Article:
Publishing Service: Scheduled publishing

Publishing Service enables you to schedule tasks through the task scheduler. It comes with the PublishTask and PublishJobCleanUpTask default tasks. The good news is that we can create custom scheduled tasks as well.

In this post, we are going to create a scheduled publishing task which on a given Interval queues a new publish job.

The task scheduler is a service that manages the creation of tasks at startup as well as enabling the addition and execution of tasks at runtime. Publishing Service comes with some default scheduled tasks. These tasks are contained in the (PublishServiceInstallationPath)\config\sitecore\sc.publishing.tasks.xml configuration file.

default scheduled tasks
Figure 1: Default scheduled tasks
  • The PublishTask processes the next queued item in the publish queue.
  • The PublishJobCleanUp removes any publishing jobs that are over a certain age. It also removes the jobs associated manifests and manifest results.
  • PublishOperationCleanUpTask removes any publishing operations that have been processed and are no longerd required.

What we are going to do is to create a scheduled task that will queue a publish job every 10 seconds.

Let’s start by creating a new ASP.NET MVC project using the ASP.NET Web Application (.NET Framework) template and selecting .NET Framework 4.5.2. Also, add a class and a XML configuration file, and add the Publishing Service references according to the image below.

solution configuration edited.png
Figure 2: Solution structure

Also, I added a Post-build events that copies the bin\ folder to the Publishing Service installation folder.

XCopy /Y /E "$(TargetDir)*.*" "X:\inetpub\wwwroot\sandboxpublishingservice.dev.local\"

Next, we are going to update the sc.publishing.custom.tasks.xml configuration file we just created.

basic task xml configuratin file
Figure 3: sc.publishing.custom.tasks.xml configuration file

All custom tasks must be added after Settings/Sitecore/Publishing/Services/Scheduler/Options/Tasks node. You can name it however you prefer. In my example, I used /CustomTask node, but you can for example name it /AutoPublish and add as many custom tasks as you want.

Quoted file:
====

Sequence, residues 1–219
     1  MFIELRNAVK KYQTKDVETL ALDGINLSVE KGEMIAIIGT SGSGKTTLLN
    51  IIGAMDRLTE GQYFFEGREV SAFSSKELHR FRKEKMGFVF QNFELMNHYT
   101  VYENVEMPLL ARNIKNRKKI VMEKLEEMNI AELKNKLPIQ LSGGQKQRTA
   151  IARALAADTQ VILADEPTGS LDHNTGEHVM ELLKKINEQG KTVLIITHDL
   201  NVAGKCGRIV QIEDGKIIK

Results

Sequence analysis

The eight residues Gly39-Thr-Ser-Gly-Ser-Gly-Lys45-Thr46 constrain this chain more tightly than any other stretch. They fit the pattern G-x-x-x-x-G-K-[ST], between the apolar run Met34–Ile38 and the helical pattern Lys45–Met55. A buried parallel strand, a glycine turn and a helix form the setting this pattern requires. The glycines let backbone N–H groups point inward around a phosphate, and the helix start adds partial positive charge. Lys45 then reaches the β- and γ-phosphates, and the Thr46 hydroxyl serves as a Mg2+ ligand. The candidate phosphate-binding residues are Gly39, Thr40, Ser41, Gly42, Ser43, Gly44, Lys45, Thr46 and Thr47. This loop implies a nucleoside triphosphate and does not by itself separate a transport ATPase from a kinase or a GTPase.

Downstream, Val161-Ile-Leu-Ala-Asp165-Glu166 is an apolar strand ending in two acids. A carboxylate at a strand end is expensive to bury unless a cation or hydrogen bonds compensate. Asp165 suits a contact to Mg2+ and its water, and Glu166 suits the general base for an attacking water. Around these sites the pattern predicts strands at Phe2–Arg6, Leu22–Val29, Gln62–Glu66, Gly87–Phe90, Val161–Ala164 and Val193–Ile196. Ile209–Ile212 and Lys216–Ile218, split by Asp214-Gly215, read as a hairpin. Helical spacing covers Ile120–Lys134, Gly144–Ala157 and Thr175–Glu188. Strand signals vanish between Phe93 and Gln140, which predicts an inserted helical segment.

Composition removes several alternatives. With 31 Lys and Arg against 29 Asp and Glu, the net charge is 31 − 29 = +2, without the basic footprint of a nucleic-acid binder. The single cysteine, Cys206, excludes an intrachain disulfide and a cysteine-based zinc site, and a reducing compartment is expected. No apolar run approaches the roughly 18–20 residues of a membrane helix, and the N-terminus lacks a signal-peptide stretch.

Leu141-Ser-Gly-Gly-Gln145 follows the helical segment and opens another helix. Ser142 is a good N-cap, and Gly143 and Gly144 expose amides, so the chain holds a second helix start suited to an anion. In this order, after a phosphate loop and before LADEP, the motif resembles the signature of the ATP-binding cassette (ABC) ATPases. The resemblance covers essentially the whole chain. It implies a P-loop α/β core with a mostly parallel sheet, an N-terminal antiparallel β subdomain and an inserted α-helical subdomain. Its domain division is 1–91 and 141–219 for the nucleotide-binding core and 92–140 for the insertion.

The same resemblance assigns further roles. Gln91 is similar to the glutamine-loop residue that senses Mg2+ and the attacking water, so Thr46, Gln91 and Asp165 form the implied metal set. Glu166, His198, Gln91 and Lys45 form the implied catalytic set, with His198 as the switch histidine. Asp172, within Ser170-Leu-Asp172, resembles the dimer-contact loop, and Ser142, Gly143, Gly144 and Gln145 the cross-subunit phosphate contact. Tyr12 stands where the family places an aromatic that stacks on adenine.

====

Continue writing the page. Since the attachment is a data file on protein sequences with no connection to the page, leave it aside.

Within our CustomTask node we defined the TaskDefinition node and the TriggerDefinition.

The TaskDefinition defines the class that contains the logic for your custom scheduled task. It also contains binding options so you can provide parameters in your configuration file that binds to properties in your class.

mapping properties custom task
Figure 4: Binding properties

A task cannot run without triggers. You can register multiple triggers on the same task. e.g. two interval triggers that trigger a task at different polling intervals.

multiple triggers on a task
Figure 5: Multiple triggers on the same task

Now we are going to update the AutoPublishTask.cs file we created before.

basic auto publish task
Figure 6: AutoPublishTask.cs file

Publishing Service defines the dependencies (and their resolver) in the (PublishingServiceInstallationFolder)\config\sitecore\publishing\sc.publishing.services.xml configuration file. If you want to add a new dependency you can either change this configuration file (not recommended) or add a new XML configuration file to (PublishingServiceInstallationFolder)\config\sitecore\publishing folder and define the dependencies after Settings/Sitecore/Publishing/Services node.

custom dependency.png
Figure 7: Adding custom dependencies

Finally, publish your solution to the Publishing Service installation folder.

Make sure the your project’s assembly get copied to the root of the Publishing Service installation folder and that your configuration file gets published to \config\sitecore\publishing.

If you log in your Sitecore instance and open the Publishing Service Dashboard, you should see a publishing task job being added every (or nearly) 10 seconds.

publishing service dashboard.PNG
Figure 8: Publishing dashboard

You can find the complete code on my GitHub repository. There, I also implemented the binding of the auto publish task properties so the parameters are read from the XML configuration file.

Update – Set 2, 2018
I thought it was important to mention that I set the publishing interval to 10 seconds just for the sake of local development and exemplification. You should never use such a short interval in a production environment.

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